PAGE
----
The Bad: I was waiting for the scene where Troi visits Tam in his quarters and with depressingly predictability the episode does not disappoint. Given how much he hates counsellors I wonder if O’Brien has a tripwire set up to detect Troi if she enters his quarters which sets an axe on a pendulous trajectory with her head? There is more than the usual amount of Bridge throw-yourself-at-the-wall acting required in this story. I’m not sure why it bothered me so much with this episode but the lighting on the Bridge is so thoroughly beige and colourless it really spoils the atmosphere of the series. I wish they could have kept the deliciously dark look that they took for a test drive in Yesterday’s Enterprise.

Moment to Watch Out For: A Romulan ship swings into view and blasts at the Enterprise – I love moments like this in Trek that take you by surprise.

Moral of the Week: Not everybody in the 24th Century is a Starfleet drone. Thank goodness.

Orchestra: As the Romulans approach there is an intriguingly sinister violin score like shivers running up and down your spine that made the moment.

Result: The success of Harry Groener’s socially inept Betazoid in this episode makes me wonder if it led to the creation of Reg Barclay, proving to the production team that a flawed character would work within this setting. It is so invigorating to meet a character that speaks his mind and turns his nose up at authority, once Pulaski left the ship I thought that all belligerence had been erased from the Enterprise. I would happily swap Tam for Troi any day of the week, a socially dysfunctional counsellor would make for a fantastic addition to the show. Tin Man is an intriguing piece which deftly walks between moments of drama and depth and as I raced towards the conclusion for once I had no idea how it was going to end which is a rare and exciting feeling on this show. I am so happy about the increased presence of the Romulans this season since every time they show up the shows excitement levels increase exponentially. The ending where a man who cannot settle into society and a being that has lost its crew decide to form a partnership and roam the galaxy is both predictable and twee (this is TNG after all) but for once they get away with it because both elements are so well handled throughout the episode that you can see how much they are made for each other. Rather lovely and a healthy antidote after the last couple of clunkers: 8/10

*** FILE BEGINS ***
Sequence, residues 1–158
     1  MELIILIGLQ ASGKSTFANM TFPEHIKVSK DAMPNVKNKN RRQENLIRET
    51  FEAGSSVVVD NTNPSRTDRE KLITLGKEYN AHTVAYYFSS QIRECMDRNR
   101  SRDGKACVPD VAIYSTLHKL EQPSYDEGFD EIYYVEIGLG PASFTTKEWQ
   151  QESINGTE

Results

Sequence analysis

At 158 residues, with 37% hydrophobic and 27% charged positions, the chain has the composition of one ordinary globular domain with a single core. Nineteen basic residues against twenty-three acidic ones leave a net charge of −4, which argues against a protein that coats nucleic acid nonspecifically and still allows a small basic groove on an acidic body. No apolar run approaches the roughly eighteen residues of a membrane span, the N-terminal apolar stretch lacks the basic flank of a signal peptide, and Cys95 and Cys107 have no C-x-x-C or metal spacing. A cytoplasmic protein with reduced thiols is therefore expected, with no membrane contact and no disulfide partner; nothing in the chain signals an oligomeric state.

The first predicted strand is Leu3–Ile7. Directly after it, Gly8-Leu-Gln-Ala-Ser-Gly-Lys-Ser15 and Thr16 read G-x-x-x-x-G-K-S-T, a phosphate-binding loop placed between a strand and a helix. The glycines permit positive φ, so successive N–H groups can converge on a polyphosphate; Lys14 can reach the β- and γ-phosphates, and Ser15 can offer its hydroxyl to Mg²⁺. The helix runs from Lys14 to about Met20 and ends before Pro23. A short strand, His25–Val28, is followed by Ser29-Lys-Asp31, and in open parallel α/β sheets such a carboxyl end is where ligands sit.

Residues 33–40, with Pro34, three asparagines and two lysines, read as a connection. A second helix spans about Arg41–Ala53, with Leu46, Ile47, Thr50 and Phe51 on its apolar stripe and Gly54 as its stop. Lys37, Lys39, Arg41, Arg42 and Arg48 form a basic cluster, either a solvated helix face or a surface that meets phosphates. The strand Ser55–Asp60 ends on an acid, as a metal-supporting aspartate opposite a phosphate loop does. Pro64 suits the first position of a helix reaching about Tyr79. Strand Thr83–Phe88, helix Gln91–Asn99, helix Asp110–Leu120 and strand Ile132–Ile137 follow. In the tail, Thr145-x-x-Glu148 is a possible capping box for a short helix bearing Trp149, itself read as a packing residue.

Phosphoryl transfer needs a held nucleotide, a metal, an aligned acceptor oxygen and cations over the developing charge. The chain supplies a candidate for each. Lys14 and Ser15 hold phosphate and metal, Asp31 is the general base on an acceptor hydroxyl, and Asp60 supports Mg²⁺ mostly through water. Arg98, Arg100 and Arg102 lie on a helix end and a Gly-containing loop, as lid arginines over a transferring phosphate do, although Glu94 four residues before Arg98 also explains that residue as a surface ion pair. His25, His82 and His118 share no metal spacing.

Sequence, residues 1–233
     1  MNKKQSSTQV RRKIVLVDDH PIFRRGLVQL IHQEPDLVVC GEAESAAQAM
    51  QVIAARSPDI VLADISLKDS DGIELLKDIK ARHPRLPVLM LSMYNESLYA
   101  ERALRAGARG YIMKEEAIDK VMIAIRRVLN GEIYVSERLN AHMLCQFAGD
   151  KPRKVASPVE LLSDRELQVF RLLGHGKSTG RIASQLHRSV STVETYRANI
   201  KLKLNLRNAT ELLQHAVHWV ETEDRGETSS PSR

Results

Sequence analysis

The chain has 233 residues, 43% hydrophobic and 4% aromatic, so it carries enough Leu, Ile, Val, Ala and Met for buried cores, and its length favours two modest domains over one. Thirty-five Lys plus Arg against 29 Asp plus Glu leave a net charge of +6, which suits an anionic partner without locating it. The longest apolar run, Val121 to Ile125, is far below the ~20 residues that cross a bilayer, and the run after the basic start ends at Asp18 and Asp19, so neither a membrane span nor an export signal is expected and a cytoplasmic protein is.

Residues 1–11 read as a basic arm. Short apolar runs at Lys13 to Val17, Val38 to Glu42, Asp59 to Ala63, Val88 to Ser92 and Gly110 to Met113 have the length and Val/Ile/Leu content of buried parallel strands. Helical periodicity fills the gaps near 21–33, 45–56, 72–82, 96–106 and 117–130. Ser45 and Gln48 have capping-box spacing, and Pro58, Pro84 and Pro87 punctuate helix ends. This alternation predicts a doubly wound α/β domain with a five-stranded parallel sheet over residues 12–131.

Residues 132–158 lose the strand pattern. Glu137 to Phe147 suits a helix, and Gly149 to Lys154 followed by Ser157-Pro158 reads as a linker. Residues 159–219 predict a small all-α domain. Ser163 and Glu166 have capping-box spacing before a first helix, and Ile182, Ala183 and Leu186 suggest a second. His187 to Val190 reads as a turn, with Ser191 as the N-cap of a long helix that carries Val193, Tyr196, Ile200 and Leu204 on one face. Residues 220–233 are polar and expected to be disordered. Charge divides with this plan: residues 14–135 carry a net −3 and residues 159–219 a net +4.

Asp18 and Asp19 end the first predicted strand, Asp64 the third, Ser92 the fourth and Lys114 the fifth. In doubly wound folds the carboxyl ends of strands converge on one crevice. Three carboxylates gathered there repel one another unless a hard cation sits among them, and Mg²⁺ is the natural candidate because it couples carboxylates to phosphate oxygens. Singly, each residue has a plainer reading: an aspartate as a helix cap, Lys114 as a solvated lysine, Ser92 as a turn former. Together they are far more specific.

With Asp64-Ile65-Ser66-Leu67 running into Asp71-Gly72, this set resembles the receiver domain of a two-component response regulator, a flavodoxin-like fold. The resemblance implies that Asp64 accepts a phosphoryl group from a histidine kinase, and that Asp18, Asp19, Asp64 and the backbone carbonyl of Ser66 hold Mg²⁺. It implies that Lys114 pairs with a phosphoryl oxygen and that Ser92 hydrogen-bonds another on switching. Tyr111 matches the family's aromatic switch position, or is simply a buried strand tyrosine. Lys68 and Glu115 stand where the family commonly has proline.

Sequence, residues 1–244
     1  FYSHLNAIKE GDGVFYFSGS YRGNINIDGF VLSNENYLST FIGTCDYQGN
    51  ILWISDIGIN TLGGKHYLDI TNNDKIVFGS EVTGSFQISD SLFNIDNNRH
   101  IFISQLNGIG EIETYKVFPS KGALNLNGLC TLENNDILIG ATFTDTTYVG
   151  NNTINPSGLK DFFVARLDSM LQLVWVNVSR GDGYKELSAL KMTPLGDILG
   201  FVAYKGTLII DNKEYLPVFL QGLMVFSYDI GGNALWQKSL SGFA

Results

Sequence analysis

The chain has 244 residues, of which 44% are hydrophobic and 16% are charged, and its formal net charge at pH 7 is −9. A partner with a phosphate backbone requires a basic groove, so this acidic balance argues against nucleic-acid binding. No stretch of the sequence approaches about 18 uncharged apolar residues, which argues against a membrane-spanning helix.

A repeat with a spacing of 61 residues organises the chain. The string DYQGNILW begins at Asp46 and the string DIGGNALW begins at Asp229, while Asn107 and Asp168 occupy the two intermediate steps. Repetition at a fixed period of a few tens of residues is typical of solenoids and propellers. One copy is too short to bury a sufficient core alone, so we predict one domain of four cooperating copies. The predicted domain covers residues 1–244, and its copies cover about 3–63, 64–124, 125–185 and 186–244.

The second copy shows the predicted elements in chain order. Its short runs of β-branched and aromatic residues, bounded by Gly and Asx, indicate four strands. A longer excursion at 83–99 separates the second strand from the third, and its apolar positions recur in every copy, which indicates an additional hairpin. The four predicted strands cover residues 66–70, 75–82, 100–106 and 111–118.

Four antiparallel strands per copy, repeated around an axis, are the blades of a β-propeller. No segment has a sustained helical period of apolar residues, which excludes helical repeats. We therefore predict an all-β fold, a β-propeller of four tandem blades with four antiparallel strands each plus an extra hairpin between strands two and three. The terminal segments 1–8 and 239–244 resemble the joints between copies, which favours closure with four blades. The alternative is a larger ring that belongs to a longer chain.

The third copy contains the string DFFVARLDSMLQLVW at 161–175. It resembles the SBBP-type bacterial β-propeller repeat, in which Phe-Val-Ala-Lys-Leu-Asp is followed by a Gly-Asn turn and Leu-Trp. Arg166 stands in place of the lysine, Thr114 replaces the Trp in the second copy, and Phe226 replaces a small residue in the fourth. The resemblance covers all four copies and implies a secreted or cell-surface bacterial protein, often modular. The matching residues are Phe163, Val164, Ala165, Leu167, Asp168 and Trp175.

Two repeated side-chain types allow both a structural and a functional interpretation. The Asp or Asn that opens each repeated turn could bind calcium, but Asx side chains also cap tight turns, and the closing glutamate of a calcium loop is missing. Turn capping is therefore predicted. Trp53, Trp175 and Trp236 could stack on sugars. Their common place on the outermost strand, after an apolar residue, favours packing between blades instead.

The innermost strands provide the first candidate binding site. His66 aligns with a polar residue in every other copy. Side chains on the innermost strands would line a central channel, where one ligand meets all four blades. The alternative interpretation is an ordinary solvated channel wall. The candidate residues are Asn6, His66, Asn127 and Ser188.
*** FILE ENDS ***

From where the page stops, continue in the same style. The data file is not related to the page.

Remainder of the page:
Hollow Pursuits written by Sally Caves and directed by Cliff Bole


What’s it about: Introducing Reg Barclay and his wonderful flights of fancy…

To Baldly Go: Picard is not used to seeing an unsatisfactory rating on a member of his crew, after all his ship is a refuge for the best of the best. I would have loved for somebody to have mentioned that back in season one when this bunch of misfits were always making daft mistakes. Thank goodness Picard doesn’t stoop to the level of name calling. Having worked with autistic children I can say with some certainty that the way that Patrick Stewart plays his scenes showing Picard’s discomfort with Reg is akin to watching people interact with socially awkward individuals. It’s quite a subtle level of uneasiness but it is nevertheless easy to spot.